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For information on State Natural Areas, contact:
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Wisconsin State Natural Areas Program Copper Falls (No. 399)

Copper Falls

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Copper Falls State Park


Overview

Location

Within Copper Falls State Park, Ashland County. T45N-R2W, Sections 8, 17. 665 acres.

Description

Description

Copper Falls features northern dry and dry-mesic forest along the shores of the meandering Bad River, which runs through the site. On the low terraces of the river are two oxbows, which support dry-mesic forest dominated by large white pine, sugar maple, red maple, and white ash. Other trees include hemlock, white cedar, paper birch, red oak, balsam fir, and white spruce. The understory is quite diverse due to the variation in topography. Characteristic groundlayer species are beaked hazelnut, American fly honeysuckle, wintergreen, partridgeberry, velvet-leaf blueberry, and many species of ferns. The steep slope along the west side of the river supports a sugar maple-hemlock forest, which has not been disturbed since at least 1916. Birds include blackburnian, black and white, Nashville, northern parula, and Canada warblers, ovenbird, American redstart, blue-headed vireo, hermit thrush, and common raven. Copper Falls is owned by the DNR and was designated a State Natural Area in 2003.

Access

Driving directions

From the intersection of Highways 13 and 169 in Mellen, go northeast on 169 about 3 miles to the park entrance. Get a map from the park office. Numerous hiking trails provide access to the natural area and falls.

Ownership

Copper Falls is owned by:

  • WDNR

Maps

The DNR's state natural areas program is comprised of lands owned by the state, private conservation organizations, municipalities, other governmental agencies, educational institutions and private individuals. While the majority of SNAs are open to the public, access may vary according to individual ownership policies. Public use restrictions may apply due to public safety, or to protect endangered or threatened species or unique natural features. Lands may be temporarily closed due to specific management activities. Users are encouraged to contact the landowner for more specific details.

The data shown on these maps have been obtained from various sources, and are of varying age, reliability, and resolution. The data may contain errors or omissions and should not be interpreted as a legal representation of legal ownership boundaries.

Objectives

Site objectives

Manage the site as a reserve for northern dry-mesic and mesic forest, as a significant geological site, as an aquatic reserve, and as an ecological reference area. Natural processes will primarily determine the structure of the forest. Provide opportunities for research and education on the highest quality native northern dry-mesic and mesic forest, and geological features.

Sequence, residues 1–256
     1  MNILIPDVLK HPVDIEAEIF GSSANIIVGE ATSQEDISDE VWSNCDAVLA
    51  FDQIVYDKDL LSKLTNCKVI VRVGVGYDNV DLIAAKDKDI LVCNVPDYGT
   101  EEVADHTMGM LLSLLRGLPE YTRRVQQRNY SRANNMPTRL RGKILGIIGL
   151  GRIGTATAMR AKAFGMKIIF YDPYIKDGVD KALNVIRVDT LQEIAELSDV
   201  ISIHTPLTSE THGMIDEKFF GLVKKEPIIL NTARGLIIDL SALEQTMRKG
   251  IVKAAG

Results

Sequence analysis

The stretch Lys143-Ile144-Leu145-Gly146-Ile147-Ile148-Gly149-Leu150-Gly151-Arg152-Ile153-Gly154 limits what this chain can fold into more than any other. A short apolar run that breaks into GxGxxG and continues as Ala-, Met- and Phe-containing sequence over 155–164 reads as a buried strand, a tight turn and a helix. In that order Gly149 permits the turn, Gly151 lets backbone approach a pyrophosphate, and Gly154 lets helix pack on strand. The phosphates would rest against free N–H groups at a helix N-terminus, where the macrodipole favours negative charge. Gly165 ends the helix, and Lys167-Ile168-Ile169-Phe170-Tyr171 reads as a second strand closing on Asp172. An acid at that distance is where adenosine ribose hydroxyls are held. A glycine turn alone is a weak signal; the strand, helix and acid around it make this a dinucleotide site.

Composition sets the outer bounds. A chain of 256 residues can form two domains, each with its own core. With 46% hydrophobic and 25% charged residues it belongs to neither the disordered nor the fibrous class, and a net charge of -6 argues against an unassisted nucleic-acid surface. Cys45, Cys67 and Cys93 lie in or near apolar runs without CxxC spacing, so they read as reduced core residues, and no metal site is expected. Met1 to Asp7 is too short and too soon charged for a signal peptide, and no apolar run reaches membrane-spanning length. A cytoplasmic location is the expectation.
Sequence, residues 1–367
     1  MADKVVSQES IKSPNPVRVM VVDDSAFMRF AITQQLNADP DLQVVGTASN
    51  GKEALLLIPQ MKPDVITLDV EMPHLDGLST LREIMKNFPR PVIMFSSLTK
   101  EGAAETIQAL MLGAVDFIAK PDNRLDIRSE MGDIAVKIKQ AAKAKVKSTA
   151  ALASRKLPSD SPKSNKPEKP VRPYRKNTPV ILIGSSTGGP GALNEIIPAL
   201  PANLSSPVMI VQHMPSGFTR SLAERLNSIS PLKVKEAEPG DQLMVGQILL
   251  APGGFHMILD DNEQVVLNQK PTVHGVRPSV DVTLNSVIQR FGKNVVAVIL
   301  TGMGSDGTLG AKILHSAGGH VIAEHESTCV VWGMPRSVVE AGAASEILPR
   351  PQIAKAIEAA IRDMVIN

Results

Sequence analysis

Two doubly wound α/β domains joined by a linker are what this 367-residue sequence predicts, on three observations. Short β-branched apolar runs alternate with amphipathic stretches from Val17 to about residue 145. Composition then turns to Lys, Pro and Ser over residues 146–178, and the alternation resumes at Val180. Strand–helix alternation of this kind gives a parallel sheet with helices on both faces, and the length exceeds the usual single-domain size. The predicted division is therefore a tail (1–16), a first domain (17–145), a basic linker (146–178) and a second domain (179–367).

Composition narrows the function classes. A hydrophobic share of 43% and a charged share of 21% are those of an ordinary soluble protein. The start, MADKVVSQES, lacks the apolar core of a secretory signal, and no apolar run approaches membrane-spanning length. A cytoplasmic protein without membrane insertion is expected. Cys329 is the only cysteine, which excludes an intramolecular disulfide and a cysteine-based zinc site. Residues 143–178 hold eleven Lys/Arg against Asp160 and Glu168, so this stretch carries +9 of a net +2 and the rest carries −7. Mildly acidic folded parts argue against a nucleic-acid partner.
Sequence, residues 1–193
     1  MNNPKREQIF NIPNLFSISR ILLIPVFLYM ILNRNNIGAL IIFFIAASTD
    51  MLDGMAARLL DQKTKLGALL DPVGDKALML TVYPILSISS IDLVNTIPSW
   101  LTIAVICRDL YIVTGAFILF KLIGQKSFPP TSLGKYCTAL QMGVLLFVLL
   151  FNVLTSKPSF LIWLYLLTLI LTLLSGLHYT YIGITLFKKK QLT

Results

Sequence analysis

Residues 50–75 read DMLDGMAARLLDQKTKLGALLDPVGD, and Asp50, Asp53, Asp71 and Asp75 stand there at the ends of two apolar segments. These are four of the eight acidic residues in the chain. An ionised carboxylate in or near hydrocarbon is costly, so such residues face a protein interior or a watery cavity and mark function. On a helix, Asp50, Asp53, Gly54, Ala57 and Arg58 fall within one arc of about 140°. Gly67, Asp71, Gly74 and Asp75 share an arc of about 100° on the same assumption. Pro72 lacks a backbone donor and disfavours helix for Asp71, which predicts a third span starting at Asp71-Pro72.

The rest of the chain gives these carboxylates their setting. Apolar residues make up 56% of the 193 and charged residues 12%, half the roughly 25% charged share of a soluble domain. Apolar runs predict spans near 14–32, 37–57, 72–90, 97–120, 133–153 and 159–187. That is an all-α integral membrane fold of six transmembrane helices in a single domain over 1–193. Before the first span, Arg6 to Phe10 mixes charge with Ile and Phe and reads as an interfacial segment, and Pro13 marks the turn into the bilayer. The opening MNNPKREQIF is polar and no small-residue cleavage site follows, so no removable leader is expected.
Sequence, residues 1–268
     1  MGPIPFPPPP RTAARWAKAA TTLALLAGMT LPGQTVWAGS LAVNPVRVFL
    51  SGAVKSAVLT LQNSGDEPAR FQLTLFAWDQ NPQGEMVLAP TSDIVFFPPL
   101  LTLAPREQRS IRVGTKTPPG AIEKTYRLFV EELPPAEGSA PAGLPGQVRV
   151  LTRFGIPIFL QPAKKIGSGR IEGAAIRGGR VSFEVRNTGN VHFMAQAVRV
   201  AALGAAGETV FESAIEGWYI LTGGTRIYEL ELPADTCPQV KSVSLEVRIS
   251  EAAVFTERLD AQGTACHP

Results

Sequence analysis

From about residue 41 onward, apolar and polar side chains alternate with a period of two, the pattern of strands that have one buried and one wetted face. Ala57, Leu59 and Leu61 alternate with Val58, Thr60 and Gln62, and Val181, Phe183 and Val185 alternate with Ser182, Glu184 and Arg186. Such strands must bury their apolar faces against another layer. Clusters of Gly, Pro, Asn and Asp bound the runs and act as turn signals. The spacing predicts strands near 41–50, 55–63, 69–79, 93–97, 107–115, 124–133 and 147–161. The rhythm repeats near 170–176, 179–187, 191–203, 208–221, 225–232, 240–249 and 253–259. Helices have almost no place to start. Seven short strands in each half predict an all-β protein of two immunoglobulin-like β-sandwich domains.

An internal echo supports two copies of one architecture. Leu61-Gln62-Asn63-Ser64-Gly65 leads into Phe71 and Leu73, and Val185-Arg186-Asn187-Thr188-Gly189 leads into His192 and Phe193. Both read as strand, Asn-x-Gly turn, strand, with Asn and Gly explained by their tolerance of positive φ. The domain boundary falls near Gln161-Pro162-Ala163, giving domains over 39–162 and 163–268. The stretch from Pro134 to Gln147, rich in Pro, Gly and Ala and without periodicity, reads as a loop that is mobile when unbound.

Management approach

The native species are managed passively, which allows nature to determine the ecological characteristics of the site. The dry-mesic forest will be allowed to convert over time to a more mesic forest condition. Allowable activities include control of invasive plants and animals, maintenance of existing facilities, and access to suppress fires. Salvage of trees after a major wind event is not considered compatible with management objectives.

Site-specific considerations

  • Although removal of hazardous trees from over and near trails is an allowed activity, manipulation/removal of vegetation and soil disturbance should be minimized to the extent possible.

Recreation

Very few State Natural Areas have public facilities, but nearly all are open for a variety of recreational activities as indicated below. Generally, there are no picnic areas, restrooms, or other developments. Parking lots or designated parking areas are noted on individual SNA pages and maps. Trails, if present, are typically undesignated footpaths. If a developed trail is present, it will normally be noted on the SNA map and/or under the "Access" tab. A compass and topographic map or a GPS unit are useful tools for exploring larger, isolated SNAs.

Allowable activities

In general, the activities listed below are allowed on all DNR-owned SNA lands. Exceptions to this list of public uses, such as SNAs closed to hunting, are noted under the "Access" tab above and posted with signs on site.

  • Hiking
  • Fishing
  • Cross country skiing
  • Hunting
  • Trapping

Prohibited activities

  • Camping and campfires
  • Collecting of animals (other than legally harvested species), non-edible fungi, rocks, minerals, fossils, archaeological artifacts, soil, downed wood, or any other natural material, alive or dead. Collecting for scientific research requires a permit issued by the DNR
  • Collecting of plants including seeds, roots or other non-edible parts of herbaceous plants such as wildflowers or grasses
  • Drone use, unless authorized by a SNA research permit
  • Geocaching
  • Horseback riding
  • Rock climbing
  • Vehicles, including bicycles, ATVs, aircraft, and snowmobiles except on trails and roadways designated for their use

For rules governing state-owned SNAs and other state lands, please consult Chapter NR 45 Wis. Admin. Code [exit DNR]

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Last revised: Friday, December 15, 2017